When the clock struck midnight on December 31, 2019, no one had any idea what 2020 had to bring. Many people were excited to say goodbye to the previous year with hope that this year would be exponentially better. But just two short months into the year, everything changed.
The global pandemic swept the nation and with it came an unprecedented lockdown. For many people, the thought of isolation was terrifying. For those with anxiety, it was crippling. What started as a two-week lockdown turned to months, and the effects still linger as the virus continues to circulate.
If you are one of the millions who are still dealing with anxiety and stress due to the lockdown, you are not alone. Far from it, actually. The mental stress that a lockdown of this magnitude has produced is just as unprecedented as the virus itself.
The good news is, there are things you can do to help yourself not feel this way.
Talk, Talk, Talk
One of the hardest things about a lockdown is the isolation aspect. Being stuck in your house is one thing, but not being able to socialize with anyone, including family and friends is a whole different level of stressful.
Sure, there are zoom meetings and facetime calls, but nothing can replace human touch and being able to physically be with someone.
While lockdown is over, the mental effects of the lockdown can linger on for years if they are not dealt with properly. The emotional toll on the body and mind is different for everyone. If you are feeling stress and anxiety as a result of the pandemic, consider seeing a therapist.
Feelings of lingering sadness, anxiety, and hopelessness that impact your everyday life are not normal. It’s possible to be having these feelings and to not understand why you are feeling this way, or that the pandemic has influenced your feelings in a negative aspect.
Talking it over with a therapist can give you the clarity to identify the issue and move past it. It will also allow you to recognize those negative thoughts as they are happening and be able to resolve them before they take a mental toll on your health moving forward.
Get Outside in the Fresh Air
There is no better way to clear your head or to brighten your day than to get outside in the fresh air. Fresh air and Vitamin D can greatly affect your mood and your outlook on life.
Even if you can only get outside in the morning while you drink your coffee, your day can start in a whole different direction and the thoughts of being overwhelmed will be silenced for the time being.
Mindfulness and meditation are other ways to control your emotions and anxiety and are especially beneficial if you practice them outdoors. Studies show that nature is a natural healer when it comes to anxiety and stress, especially pandemic-related stress.
It helps you feel less alone, even if you are physically alone while outside. Mindfulness breathing exercises are also more effective when you are breathing fresh air as opposed to the circulated air inside your home.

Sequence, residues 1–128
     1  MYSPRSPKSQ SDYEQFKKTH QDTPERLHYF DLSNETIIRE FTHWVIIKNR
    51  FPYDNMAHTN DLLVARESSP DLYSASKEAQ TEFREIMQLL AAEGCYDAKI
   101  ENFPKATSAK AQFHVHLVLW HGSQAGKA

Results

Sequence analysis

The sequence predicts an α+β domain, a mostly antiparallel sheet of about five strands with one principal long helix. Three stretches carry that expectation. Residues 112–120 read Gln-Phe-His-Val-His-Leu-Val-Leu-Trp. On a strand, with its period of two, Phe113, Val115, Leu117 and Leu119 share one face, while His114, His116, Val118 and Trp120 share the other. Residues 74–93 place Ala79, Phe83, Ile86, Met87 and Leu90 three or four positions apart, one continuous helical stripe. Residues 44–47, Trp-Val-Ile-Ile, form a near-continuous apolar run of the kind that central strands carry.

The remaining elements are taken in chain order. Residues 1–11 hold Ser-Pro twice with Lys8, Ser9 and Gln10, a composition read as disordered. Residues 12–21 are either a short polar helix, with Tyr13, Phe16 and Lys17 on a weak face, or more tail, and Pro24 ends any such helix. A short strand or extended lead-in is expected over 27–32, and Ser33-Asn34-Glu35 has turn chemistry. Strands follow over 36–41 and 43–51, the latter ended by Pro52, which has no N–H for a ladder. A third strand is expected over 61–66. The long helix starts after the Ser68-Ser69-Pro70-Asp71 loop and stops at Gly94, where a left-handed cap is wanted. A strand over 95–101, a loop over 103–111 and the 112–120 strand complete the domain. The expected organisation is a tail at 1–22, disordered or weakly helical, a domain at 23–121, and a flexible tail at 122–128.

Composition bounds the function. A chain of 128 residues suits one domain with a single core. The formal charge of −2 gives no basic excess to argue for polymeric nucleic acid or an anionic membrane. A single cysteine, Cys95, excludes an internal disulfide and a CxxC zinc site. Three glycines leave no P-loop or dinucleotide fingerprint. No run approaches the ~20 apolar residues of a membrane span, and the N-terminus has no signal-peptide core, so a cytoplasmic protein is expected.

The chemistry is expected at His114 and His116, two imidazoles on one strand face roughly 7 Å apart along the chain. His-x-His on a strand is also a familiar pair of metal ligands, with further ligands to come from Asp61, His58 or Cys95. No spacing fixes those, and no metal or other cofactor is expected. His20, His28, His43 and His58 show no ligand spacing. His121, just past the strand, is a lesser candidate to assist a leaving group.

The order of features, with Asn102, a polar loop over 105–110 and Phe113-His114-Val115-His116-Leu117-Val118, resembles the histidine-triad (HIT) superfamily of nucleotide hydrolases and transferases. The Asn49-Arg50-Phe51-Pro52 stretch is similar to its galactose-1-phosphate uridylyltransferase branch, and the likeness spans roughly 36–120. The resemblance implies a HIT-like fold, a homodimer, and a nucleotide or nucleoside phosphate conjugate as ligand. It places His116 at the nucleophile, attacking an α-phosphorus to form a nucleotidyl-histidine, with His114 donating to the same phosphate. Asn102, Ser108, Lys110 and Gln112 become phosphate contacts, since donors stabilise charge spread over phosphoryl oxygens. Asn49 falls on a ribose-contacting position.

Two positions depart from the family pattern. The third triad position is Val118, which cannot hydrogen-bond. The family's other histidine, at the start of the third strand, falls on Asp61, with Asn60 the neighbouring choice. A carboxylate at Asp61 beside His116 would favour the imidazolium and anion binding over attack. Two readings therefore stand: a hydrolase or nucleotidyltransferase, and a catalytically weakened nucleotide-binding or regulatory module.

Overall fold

Exercise and fresh air go hand-in-hand when dealing with anxiety and stress. It doesn’t have to be a brisk walk or a sprint in order to be effective. Anything that raises your heartrate helps eliminate the stress.
Of course, in-home workouts and running on a treadmill are also helpful ways to reduce stress, there’s nothing quite the same as breathing in the fresh air while you work out.
Give Yourself Some Grace
If nothing else during this difficult and uncertain time, it’s especially important to be kind to yourself. Give yourself the grace you deserve after being kept inside for months in isolation with the exception of your immediate family.
There is nothing quite like being secluded from everyone, including your family members that don’t live with you. Mental health instability is going to be rising from even the most mentally stable individuals. Staying isolated during the lockdown was hard but emerging from the lockdown may actually be harder.
Re-entering a society that has completely changed, businesses and lives lost, and the fear of the virus can send some people’s mental health stability spiraling.
If you feel yourself start to lose control, or if you are struggling with feelings of hopelessness, depression, overwhelming stress, or anxiety, take action now. Put a plan in place to stabilize your mental health so you can effectively process these post-lockdown feelings and see with clarity when and how to take action to correct the negative thoughts.
One thing is certain – no matter where in the world you live, everyone is feeling the effects of the pandemic and the lockdown that follows. What we do to combat those negative feelings will make the difference moving on.